Wexford’s Joe O’Connor ready to pick up where he left off

Pandemic stalled a blossoming career as he turned his attention to Divil’s Brew

Joe O’Connor has been involved in a coffee van business during lockdown. Photograph: Tom O’Hanlon/Inpho

Joe O’Connor has been involved in a coffee van business during lockdown. Photograph: Tom O’Hanlon/Inpho

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One man who can’t be accused of not making the most of the lockdown this year is Wexford’s Joe O’Connor.

With the schools closed – he’s a science and PE teacher in Ballymakenny College in Drogheda and lives in Dublin – he volunteered for contact tracing in UCD and set up Divil’s Brew, a coffee van, which trades on the Wexford-Rosslare road.

The business was set up with a friend and the support of the GPA’s Player Development Programme. It has exceeded expectations.

“The original plan was probably for events and day to day in different places,” says O’Connor. “We ended up setting up in a really popular spot. We never thought we’d get to a stage about opening it during the week or getting somebody else to open it but it has completely taken off.

“Rory O’Connor, my cousin (and also a county hurler), is actually working in it during the week. So we do Wednesday, Thursday, Friday, Saturday, and Sunday too.”

If the weird circumstances of this year enabled O’Connor to focus on his business idea, the pandemic wasn’t as accommodating for his hurling career on a couple of levels, as he had to get tested after a case was diagnosed in his school a fortnight ago and is very conscious of the need to be ultra-careful not to get infected but also because he was flying earlier in the year.

A wing forward converted into a full back by his club St Martin’s - where he was named Man of the Match when the club won the county title last year - and selected by Wexford manager David Fitzgerald as a corner back, his career was taking off after being a panel member for the 2019 Leinster title win.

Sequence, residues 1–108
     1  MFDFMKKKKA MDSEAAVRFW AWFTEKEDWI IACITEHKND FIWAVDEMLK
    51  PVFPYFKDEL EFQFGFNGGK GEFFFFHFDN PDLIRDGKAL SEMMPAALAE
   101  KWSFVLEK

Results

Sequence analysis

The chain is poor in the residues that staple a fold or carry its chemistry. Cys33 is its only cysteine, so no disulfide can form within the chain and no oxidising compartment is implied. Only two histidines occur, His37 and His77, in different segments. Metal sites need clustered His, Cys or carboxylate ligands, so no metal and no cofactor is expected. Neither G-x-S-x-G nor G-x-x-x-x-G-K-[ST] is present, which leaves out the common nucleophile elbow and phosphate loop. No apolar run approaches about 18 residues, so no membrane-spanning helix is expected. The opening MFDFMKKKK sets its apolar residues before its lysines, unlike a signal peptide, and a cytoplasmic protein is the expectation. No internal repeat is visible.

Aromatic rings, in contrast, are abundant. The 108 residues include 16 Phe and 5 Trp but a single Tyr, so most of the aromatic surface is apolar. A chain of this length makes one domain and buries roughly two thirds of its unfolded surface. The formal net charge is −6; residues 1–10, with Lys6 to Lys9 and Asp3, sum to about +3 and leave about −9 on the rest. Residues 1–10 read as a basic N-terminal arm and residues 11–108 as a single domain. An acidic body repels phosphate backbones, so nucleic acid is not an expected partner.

He describes it as, “a pity this year from a personal point of view that the year had to finish up, because I was happy with how I was going and would have liked to continue that. So I suppose it is a completely new year now when we go back, so hopefully I’ll be able to pick up where I left off.”

Among the plaudits being tossed in his direction was one from Irish Times analyst and former Kilkenny All-Ireland captain, Jackie Tyrrell to enthuse after Wexford’s win over Kilkenny in the league last February that the corner back was one of the county’s improvements on last year.

“If you look at Joe O’Connor - he came on last year in the All-Ireland semi-final for Damien Reck. He looked a little lost. He didn’t really contribute and he actually ran into Liam Sheedy on the side-line (something the player recalls as ‘not my finest hour!’). He didn’t really do a whole lot, but you look at him now.

“He is exactly what Davy Fitz wants; a corner back, aggressive, attacks the ball, pops the pass and goes again. He’s brought him on.”

John Meyler, the former Cork manager references the same match.

“After seeing him on Walter Walsh in Wexford Park in the league, I was looking forward to seeing more of him this summer but in the conventional sense of playing for Wexford in the Leinster championship

“He’s extremely quick and aggressive attacking the ball, a really good player back there - hard marking, good hurling and strong. He’s all the necessary ingredients for a modern full-back line, able to defend high and on the ground but also in terms of his delivery out from the back.

“He was in the forwards for the Martin’s a few years ago but they put him back to full back and that’s when Wexford took notice.”

He’s a member of the O’Connor hurling dynasty with his cousins Rory and Jack also playing for Wexford with whom uncles, George and John won an All-Ireland back in 1996.

He’s relaxed about the prospect of winter hurling when the intercounty championship gets up and running in October with Wexford’s first defence of their title against Galway on Saturday 31st.

“I suppose. Even from a gym point of view you’re probably going to be playing on - well, with the exception of Croke Park - heavier pitches. Weather, ball won’t be moving as quick. I think every team is so well prepared now and well drilled and their management looking after everything that every team can adapt to that and it’s not really going to be the downfall of any team.”

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